When Bill Dubovsky started Comtel Information Services in 1994, he knew the importance of joining the Staten Island Chamber of Commerce.
“That was one of the first things I did, as soon as I got my certificate and my bank account,” he said with a smile.
Before opening Comtel, Dubovsky held a number of sales and marketing management positions with Digital Equipment Corporation — at the time, the world’s second largest computer company. One of his first challenges there was to market small computers for word and data processing in Staten Island and Brooklyn.
“I figured if you wanted to be a player, you had to develop relationships with decision-makers,” he said.
So, looking for strong local contacts, he turned to a close family member for assistance. His father-in-law, Ed Sheil, who served as a membership rep, volunteer, and ambassador through the years with the Staten Island Chamber of Commerce, connected him with the people he needed to meet.
That’s why when Dubovsky started his own business, he knew joining the Chamber made sense, to spread the word about how he could improve a business’s competitive edge by reducing telecom expenses.
“Our business model is similar to that of a general insurance agency. We work with organizations to get them the optimal mix of services, from multiple vendors if necessary, appropriate to their needs,” he said.
Dubovsky says what makes Comtel different is that when he meets clients for the first time, he visits their accounts payable department.
“We look to stop the bleeding first, then to make things better,” he adds.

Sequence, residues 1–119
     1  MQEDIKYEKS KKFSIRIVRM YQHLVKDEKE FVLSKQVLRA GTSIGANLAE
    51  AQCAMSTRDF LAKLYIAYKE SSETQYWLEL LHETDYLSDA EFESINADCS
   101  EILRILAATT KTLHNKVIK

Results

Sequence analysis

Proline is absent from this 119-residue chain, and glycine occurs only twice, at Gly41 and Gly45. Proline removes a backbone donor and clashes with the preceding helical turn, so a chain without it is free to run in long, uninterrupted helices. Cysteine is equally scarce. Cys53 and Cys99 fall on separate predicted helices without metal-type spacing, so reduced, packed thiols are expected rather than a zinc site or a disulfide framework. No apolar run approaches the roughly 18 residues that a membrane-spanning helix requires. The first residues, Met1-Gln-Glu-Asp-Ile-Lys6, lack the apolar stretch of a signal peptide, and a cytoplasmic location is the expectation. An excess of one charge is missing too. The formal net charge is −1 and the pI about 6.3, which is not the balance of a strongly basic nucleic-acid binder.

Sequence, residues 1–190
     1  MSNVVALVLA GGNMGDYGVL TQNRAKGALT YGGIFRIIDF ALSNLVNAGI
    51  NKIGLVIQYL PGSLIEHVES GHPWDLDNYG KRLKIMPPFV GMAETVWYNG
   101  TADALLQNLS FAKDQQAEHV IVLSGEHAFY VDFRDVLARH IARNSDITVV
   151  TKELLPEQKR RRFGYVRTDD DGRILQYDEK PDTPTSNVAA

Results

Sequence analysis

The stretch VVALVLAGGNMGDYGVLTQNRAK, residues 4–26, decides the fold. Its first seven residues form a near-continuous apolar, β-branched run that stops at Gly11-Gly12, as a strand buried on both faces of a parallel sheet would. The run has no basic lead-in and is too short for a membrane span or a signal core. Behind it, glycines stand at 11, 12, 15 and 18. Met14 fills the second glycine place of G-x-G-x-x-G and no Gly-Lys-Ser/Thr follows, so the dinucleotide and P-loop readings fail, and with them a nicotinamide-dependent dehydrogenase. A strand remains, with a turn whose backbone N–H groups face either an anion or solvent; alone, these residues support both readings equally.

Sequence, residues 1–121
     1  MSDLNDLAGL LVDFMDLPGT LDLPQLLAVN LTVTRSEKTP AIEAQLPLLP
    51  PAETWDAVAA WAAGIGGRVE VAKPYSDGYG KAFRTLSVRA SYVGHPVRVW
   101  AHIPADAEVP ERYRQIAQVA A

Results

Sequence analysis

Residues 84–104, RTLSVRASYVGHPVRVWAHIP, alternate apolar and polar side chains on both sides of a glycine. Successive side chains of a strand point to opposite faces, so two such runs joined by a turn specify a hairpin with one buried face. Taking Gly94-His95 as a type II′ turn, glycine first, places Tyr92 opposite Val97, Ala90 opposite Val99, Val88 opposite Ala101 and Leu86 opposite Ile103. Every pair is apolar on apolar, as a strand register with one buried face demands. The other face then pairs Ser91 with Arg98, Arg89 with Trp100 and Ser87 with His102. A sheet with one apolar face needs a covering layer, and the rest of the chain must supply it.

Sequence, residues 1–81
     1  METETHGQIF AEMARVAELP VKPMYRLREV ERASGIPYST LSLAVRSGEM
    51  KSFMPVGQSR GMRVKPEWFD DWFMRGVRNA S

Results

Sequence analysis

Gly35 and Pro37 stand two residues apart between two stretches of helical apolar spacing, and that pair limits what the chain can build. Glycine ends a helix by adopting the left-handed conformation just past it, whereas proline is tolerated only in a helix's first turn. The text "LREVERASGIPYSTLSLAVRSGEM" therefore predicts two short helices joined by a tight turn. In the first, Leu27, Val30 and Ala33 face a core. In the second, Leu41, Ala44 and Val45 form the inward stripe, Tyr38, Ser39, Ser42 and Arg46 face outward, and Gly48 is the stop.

“Due to inadvertent mismanagement compounded over the years, obsolete, unnecessary, or even fraudulent services and line items, along with phantom invoices, can be quite costly. We work with about 60 specialists and resellers nationwide, and can offer our clients the best of all worlds — not just what’s on a single vendor’s truck,” he said. “We’ve saved clients anywhere from 10-60% on their annual telecom expense. One of our first clients was a NYC-based specialty hospital. We saved them over $150,000 the first year alone while improving their disaster recovery backup by sending their phone traffic to two separate central offices. That turned out to be critical after 9/11 when the downtown telecom infrastructure was severely damaged.”
Although most of his clients are not on Staten Island, Dubovsky has stayed with the Chamber for 25 years because of the connections and friendships he’s made.
“As a solo practitioner, it can get lonely out there. But I find that my Chamber membership has been the most valuable way to meet and assist others while developing lasting friendships,” he said. “It’s not just about selling something – it’s about sharing and learning from everyone. For any business person or professional who is truly interested in developing long-term community relationships, there is no single organization more valuable than the Staten Island Chamber of Commerce.”